The competition was stiff, but it still was a little disappointing that Lecompton's Constitution Hall historical site didn't make the cut to become one of the official "8 Wonders of Kansas."
The list released on Tuesday, Kansas Day, included many of the state's most popular attractions: The Eisenhower Museum, the Kansas Underground Salt Museum and the Tallgrass Prairie National Preserve, but Lecompton and its nationally significant history failed to make the list.
Lecompton boosters did their best to promote the site in the statewide ballot, but they were philosophical this week after the results were announced. They were complimented to be among the 24 finalists and were in pretty distinguished company among those not chosen among the final eight. Those included such notable landmarks as the Garden of Eden in Lucas and the Chase County Courthouse in Cottonwood Falls.
For pure historical significance, it would be hard to beat Lecompton, which was the center of activity and debate over whether Kansas would be brought into the union as a slave or free state and therefore a focal point of events leading up to the U.S. Civil War.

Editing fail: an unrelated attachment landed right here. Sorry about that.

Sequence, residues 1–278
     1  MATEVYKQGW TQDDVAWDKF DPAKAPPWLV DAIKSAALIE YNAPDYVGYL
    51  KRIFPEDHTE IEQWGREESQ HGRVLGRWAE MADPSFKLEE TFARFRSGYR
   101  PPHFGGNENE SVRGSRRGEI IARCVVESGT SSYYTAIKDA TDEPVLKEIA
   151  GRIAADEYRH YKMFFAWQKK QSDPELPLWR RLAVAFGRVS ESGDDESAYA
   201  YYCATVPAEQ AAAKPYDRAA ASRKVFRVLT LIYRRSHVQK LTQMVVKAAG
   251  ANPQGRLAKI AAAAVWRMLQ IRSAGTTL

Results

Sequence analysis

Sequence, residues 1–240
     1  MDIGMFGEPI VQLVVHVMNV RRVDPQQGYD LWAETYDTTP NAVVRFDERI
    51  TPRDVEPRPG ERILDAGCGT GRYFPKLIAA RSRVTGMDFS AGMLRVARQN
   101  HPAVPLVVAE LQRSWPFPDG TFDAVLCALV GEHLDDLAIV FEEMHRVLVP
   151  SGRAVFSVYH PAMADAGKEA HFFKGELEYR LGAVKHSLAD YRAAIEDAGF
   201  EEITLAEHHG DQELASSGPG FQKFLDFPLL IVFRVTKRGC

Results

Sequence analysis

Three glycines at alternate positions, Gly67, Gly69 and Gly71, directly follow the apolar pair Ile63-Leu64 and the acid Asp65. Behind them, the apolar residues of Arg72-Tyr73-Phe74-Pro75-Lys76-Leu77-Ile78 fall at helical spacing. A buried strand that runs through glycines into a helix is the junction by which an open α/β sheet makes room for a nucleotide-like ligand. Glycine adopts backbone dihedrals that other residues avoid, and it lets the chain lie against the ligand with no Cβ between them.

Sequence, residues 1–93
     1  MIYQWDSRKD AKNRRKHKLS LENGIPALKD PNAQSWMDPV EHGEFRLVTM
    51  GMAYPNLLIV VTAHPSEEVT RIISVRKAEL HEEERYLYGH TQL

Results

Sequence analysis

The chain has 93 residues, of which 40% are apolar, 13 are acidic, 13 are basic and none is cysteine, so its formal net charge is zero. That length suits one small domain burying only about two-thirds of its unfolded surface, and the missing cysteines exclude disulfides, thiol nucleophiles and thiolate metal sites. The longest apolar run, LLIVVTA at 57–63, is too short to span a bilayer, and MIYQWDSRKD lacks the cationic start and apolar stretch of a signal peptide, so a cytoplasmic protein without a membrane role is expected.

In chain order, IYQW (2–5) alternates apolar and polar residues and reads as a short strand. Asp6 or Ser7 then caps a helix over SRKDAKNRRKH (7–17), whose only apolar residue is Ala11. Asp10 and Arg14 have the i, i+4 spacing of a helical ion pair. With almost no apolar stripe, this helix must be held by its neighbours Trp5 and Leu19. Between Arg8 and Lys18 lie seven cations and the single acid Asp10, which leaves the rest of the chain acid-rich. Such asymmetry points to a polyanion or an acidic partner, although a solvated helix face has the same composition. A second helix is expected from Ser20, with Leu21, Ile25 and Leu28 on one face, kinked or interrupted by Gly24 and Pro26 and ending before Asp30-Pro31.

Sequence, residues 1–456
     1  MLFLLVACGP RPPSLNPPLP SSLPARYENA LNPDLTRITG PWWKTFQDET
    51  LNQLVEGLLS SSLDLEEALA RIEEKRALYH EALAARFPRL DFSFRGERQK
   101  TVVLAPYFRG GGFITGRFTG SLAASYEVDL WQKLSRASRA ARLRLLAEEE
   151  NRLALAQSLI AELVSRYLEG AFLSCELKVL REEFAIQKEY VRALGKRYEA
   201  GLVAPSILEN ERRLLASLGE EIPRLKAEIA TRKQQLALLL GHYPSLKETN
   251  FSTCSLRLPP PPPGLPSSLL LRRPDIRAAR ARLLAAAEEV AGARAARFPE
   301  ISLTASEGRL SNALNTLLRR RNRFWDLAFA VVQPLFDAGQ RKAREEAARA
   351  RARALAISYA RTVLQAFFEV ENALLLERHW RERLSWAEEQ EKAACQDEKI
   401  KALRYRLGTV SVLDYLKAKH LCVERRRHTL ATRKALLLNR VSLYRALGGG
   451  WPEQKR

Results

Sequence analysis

People of this area still are proud of the work Lecompton residents and other area supporters have done to promote and interpret this chapter in history through events and programming. In fact, this year's "Bleeding Kansas" series is now in progress and will include first-person portrayals of significant historical figures on Sunday afternoons throughout February at Lecompton's Constitution Hall.
The good news about the "8 Wonders" contest is that it probably helped raise awareness statewide of the two dozen attractions that made the finals. Too many Kansans don't take time to appreciate the scenic and significant "wonders" of Kansas and the contest was a good reminder that we should be proud of our state and its heritage.